Put off big financial decisions

People who receive large, one-time payments should take anywhere from six months to a year before making any long term decisions that involve large amounts of money. The guideline is that the larger the amount received, the longer the recipient should take to make decisions. This allows for time to think through all available options, some of which can be new and unfamiliar. That's not to say that certain decisions that are clearly beneficial, such as paying off high interest rate debt, should not be done, but avoid bigger financial decisions such as selling a home, quitting a job or making long term investments until some "cooling off" time has passed and all options are carefully considered.

Get more interest

The next step is to check out the interest rate your cash is earning while you are taking time to consider longer-term financial decisions. Check out the interest rates offered by other banks and credit unions. Also check out interest rates at brokerage firm's money market funds and the rates for Treasury bills.

Investing carefully

Take it slow before you make any investments. First, increase contributions to retirement plans to the maximum permitted by the plan, make catch-up contributions and contribute to a Roth IRA if allowed. Next, look to set up and contribute to a 529 college education savings plan for children. Finally, pay off all debts and loans, even pay off your mortgage.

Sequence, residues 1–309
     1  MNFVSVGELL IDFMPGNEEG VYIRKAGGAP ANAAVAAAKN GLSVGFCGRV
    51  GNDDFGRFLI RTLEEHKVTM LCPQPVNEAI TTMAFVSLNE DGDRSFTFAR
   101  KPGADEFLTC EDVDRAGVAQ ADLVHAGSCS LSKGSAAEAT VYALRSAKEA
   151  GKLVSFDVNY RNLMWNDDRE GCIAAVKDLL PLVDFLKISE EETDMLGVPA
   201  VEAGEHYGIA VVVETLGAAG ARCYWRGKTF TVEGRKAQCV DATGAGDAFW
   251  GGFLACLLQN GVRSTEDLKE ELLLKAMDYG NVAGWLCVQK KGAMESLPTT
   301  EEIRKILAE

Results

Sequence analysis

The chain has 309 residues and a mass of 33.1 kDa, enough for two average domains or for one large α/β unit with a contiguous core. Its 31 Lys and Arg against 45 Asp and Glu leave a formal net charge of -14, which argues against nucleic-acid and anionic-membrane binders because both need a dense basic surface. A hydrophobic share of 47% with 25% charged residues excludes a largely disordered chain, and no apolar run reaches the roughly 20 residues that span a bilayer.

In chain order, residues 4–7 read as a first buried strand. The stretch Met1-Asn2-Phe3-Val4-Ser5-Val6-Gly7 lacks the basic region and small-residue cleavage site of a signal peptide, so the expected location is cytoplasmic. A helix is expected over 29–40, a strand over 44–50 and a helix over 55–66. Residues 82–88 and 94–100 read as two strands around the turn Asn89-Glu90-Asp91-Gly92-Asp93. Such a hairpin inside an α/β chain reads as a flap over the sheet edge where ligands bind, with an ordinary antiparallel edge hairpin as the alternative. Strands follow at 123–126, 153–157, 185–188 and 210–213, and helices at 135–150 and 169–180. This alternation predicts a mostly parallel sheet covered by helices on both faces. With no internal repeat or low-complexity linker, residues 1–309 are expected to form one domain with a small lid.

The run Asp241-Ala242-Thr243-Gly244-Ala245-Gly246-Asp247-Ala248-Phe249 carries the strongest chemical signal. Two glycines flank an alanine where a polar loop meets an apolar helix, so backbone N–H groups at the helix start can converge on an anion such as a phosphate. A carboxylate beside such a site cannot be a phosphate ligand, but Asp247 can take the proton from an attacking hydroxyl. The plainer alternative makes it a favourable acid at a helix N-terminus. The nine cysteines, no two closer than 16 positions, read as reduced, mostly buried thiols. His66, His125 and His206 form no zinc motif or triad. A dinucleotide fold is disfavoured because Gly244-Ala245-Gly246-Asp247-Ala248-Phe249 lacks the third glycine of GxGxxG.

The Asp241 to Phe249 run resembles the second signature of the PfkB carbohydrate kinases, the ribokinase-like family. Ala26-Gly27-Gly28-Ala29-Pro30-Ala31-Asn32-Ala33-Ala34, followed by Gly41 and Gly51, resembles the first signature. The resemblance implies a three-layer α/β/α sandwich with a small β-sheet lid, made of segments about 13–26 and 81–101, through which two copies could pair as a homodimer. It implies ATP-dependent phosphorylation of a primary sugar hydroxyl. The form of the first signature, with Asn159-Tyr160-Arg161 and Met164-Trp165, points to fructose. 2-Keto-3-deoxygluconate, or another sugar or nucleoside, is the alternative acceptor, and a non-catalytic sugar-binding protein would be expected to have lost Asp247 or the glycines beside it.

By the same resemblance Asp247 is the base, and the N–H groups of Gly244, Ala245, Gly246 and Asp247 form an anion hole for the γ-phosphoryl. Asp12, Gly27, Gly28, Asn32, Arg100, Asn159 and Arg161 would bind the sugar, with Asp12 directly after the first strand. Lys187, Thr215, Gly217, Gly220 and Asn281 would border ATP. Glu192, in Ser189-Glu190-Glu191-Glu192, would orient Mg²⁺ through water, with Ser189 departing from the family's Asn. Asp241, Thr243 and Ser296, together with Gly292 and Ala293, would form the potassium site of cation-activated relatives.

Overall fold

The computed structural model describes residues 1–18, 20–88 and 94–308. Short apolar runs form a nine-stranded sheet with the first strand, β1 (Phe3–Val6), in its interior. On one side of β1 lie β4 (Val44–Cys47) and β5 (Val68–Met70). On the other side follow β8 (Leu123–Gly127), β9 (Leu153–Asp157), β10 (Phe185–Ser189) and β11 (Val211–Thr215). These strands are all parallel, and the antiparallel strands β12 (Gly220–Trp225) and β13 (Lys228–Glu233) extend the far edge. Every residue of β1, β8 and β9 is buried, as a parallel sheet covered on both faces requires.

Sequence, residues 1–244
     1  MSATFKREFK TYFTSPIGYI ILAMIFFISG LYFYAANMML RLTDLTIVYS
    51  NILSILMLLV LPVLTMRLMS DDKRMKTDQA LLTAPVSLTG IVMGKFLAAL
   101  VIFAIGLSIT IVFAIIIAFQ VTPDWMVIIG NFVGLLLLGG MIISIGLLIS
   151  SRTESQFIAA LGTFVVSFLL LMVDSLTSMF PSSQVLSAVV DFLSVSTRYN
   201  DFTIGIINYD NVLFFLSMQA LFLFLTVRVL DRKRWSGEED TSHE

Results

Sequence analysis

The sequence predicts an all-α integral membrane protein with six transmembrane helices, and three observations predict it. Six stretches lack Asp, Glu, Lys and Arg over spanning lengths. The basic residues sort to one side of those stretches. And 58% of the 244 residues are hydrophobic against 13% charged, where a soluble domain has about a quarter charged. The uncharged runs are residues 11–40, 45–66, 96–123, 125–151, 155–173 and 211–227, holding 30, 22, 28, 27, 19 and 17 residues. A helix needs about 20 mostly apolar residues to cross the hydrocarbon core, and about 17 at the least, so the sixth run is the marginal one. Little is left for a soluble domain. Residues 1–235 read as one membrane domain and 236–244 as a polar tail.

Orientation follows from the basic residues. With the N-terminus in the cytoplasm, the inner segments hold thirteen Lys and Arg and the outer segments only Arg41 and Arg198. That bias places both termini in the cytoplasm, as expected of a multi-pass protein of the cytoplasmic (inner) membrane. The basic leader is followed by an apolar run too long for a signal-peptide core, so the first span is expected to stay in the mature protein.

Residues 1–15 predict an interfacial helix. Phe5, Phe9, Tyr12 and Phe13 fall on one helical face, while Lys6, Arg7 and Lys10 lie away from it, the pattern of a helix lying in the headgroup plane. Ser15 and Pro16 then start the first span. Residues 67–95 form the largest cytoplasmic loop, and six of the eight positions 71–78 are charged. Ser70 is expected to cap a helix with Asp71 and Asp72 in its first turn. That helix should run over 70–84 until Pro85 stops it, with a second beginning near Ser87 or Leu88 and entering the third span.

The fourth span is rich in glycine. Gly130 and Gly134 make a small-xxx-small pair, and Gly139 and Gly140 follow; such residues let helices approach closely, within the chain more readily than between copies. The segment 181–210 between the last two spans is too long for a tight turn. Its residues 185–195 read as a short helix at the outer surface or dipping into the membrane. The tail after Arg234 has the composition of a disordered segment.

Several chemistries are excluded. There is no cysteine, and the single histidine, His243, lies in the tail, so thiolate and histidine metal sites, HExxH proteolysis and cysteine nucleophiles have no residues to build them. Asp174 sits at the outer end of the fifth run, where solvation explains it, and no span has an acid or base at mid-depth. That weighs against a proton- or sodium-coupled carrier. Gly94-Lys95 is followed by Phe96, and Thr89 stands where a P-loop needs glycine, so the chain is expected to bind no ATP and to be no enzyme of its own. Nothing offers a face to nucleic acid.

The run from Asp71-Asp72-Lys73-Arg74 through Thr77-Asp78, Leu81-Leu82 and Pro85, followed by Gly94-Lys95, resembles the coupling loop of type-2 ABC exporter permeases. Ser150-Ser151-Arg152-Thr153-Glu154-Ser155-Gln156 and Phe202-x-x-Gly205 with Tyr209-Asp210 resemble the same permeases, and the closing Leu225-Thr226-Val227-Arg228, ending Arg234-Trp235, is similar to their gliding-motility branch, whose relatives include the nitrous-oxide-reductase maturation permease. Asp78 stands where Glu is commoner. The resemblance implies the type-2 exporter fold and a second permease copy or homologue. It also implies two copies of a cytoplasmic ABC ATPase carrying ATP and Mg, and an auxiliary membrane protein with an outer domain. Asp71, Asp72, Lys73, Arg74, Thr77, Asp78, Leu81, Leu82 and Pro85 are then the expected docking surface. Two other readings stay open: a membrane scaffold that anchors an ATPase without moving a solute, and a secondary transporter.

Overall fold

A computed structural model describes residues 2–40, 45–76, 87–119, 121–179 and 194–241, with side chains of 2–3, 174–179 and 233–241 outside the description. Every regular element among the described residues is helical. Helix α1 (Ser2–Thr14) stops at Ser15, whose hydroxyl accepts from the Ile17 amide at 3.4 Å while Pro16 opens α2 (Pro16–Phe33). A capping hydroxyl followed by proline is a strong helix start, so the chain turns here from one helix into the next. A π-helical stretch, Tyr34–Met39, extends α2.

Don't give up control of your money to any investment advisor, even if it's a best friend or family member. Instead, look for a financial advisor who is willing to first educate you about investments and then set up a systematic plan for dollar cost averaging some cash into diversified and low cost investments such as no load mutual funds.

Make no promises

When very large amounts of money are received, don't casually promise to buy anything or give anyone any money. Your new found wealth can be a lightning rod for attracting the attention of family and friends to everything you say or do. If you don't deliver on a promise, you may find yourself on the receiving end of another person's lawsuit, claiming breach of an agreement or contract. It's better to keep your lips zipped about your generous intentions and instead surprise family and friends with your generosity.

Strengthen your safety net

When suddenly coming into very large amounts of money, you not only have more money but also have more to lose. Increase your liability coverage by purchasing an excess liability insurance policy and coordinating the coverage with your auto and homeowners policies. Increase your personal property coverage to ensure coverage for any new automobiles, homes and property you purchase. You may also want to consider installing a security system, hiring a security guard for a period of time and even purchasing kidnapping and ransom insurance to protect you and your family from potential risks that come with being very wealthy.

An action plan for windfalls

  • Seek professional advice on taxes and legal matters
  • Deposit funds in insured bank accounts to ensure safety
  • Don't make any big financial decisions for at least six months
  • Pay down debts, especially those with higher interest rates such as credit cards
  • Update your liability insurance coverage